The barbet statement is enthusiastic, but not quite true! I have 2, one from a strong working line in Poland, and one bred here in the UK. There are approx 1200 worldwide, and maybe 25 in the UK.
    They were ‘historically’ good working dogs, but since they nearly died out, they were then infused with IWS, SWD, PWD and Standard poodle, so alot of original traits of the breed may well have been lost.
    I have trained mine with several other breeds, and though they are adorable pets, they are certainly not what you would call ‘hot’.
    In Finland they are used successfully in blood tracking, in Poland with Hawkers, but over here, there is only one fully trained working barbet,in Wales, my boys litter sister, they mature slowly, and are not consistent. Look at
    for a very honest picture of the breed.


  • Sandie

    Best gundog and TAN retrival is the Barbet the French Water Spaniel….take a look at the website
    Novaforesta.org.uk and Barbet.GB.co.uk….they are excellent…or go to Nick Ridleys website and see his recent events where he took all the fantastic photos of them….under Barbet GB events_pg_Inspire.Well worth an option.Good luck,Wendy Preston will help you so much on the Novaforesta site,she is a great advertisment for the breed with her own dogs.They recently appeared in this magazine in Jan 2011???Take a look.

  • Margaret Hughes

    Having owned clumbers for over 10 years, dispite the fact that they are very strong willed, if you start training in all aspects, hunting and retrieving, in a playful way at a very early age, clumbers are as easy to manage as any other spaniel. However if anyone is considering getting a clumber this year, they must check the Kennel Club ‘mate select’ for the COI (co-efficient of inbreeding) and read all about it before they make a decision. Unfortunatly there are a lot of inbred clumbers that are having inbred litters, which is going to ruin the breed. Clumbers are the largest of the Spaniels, but because of this inbreeding they are loosing all their substance. There are however a few clumber breeders out there who still care and are not in it for financial rewards.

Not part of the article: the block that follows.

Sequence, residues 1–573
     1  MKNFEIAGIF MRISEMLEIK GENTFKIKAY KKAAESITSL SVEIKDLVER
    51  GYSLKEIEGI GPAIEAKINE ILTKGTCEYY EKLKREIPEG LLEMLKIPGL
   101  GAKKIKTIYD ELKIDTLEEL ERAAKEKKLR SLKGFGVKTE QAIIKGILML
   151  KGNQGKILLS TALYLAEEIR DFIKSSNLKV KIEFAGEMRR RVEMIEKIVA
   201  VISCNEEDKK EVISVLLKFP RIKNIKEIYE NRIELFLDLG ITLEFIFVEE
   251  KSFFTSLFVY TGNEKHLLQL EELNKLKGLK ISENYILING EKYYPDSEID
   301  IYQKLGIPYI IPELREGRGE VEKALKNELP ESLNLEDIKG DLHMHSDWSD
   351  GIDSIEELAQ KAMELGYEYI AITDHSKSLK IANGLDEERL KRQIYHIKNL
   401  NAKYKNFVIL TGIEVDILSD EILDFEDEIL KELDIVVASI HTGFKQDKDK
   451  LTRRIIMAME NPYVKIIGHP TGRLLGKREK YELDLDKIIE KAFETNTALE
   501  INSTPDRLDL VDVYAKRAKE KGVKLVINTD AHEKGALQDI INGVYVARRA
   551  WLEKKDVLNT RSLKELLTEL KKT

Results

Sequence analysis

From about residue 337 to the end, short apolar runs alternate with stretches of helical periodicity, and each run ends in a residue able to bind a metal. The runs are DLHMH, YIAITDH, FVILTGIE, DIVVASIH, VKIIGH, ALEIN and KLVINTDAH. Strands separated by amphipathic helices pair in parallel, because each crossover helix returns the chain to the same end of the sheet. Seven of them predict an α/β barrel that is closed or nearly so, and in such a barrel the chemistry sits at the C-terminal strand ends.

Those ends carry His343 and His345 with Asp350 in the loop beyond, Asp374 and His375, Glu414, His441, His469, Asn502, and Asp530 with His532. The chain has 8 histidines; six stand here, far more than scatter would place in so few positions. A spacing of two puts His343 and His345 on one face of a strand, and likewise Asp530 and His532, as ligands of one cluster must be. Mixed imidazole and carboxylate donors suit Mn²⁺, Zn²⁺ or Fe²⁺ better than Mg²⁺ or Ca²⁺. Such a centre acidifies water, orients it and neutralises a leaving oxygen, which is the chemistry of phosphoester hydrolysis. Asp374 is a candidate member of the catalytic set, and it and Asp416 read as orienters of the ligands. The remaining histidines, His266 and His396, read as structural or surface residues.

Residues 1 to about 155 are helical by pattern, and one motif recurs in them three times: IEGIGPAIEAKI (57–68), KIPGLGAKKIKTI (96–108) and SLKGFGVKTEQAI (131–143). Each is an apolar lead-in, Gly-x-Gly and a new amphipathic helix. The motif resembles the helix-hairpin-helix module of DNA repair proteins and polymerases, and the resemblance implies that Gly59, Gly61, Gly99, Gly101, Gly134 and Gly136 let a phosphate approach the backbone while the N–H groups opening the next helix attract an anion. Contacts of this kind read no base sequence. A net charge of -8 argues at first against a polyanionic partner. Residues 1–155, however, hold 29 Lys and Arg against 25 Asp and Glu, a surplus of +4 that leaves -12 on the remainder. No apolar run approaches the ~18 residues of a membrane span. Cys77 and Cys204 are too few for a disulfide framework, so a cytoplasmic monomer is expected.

• Kelsey Bamford

    In the last shooting season my springer spanial has worked really well. She has continually progressed with her training including picking up. She works well with other spanials and they have all got along.
    At the shoots the cocker spanials do as equally as well as my springer which implies that they make a good team.
    Overall with my experiance i think that the best working spanials are the springer and cockers as they both have a unique ability. I have nothing against the other spaniels of the world, however these two breeds of spanial is all that i have worked with so far.

  • Patricia Huskins

    Dear Sir
    I read your “plea” for the Working Clumber and would like to comment that I am extremely pleased that you are giving the Working Clumber, and deservedly so, attention. However it is not the most easiest of breeds to train as I as a first time (gun)dog Clumber owner discovered. They do not necessarily hunt close – my Clumber in fact can (and will if allowed) hunt fast and far, as I do not live in the UK but on the mainland that is at times a blessing as game is sparse and wild (where I go). I totally agree with Michael Skelly’s excellent observations on the the nature and abilities of the Clumber in the last WCSS’ newsletter, in particular with his comment on the Clumber as a “multi-purpose” animal: an excellent dog for beating (close or able to cover large distances)and picking-up, brilliant for “one man and his gun”, tracking and, in my humble opinion to a lesser extent, trialing. I would like to add that I trial my Clumber bitch on the continent (Belgium) and have gained an official FCI qualification at an A/V Open trial…I believe that to be a first for a Clumber (dare I add that the different rules and distances make trialing more difficult on the continent). If nothing else that proves that the “new” Working Clumber is fit and ready to compete in an absolutely ESS and ECS biased setting (no MB FTs where I go)!
    Kind regards
    Patricia Huskins